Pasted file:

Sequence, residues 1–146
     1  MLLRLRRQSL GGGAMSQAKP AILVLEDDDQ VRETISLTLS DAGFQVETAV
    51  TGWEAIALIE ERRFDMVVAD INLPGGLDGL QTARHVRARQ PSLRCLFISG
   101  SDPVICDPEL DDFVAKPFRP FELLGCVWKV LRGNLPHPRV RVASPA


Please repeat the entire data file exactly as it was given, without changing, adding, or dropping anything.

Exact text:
Sequence, residues 1–146
     1  MLLRLRRQSL GGGAMSQAKP AILVLEDDDQ VRETISLTLS DAGFQVETAV
    51  TGWEAIALIE ERRFDMVVAD INLPGGLDGL QTARHVRARQ PSLRCLFISG
   101  SDPVICDPEL DDFVAKPFRP FELLGCVWKV LRGNLPHPRV RVASPA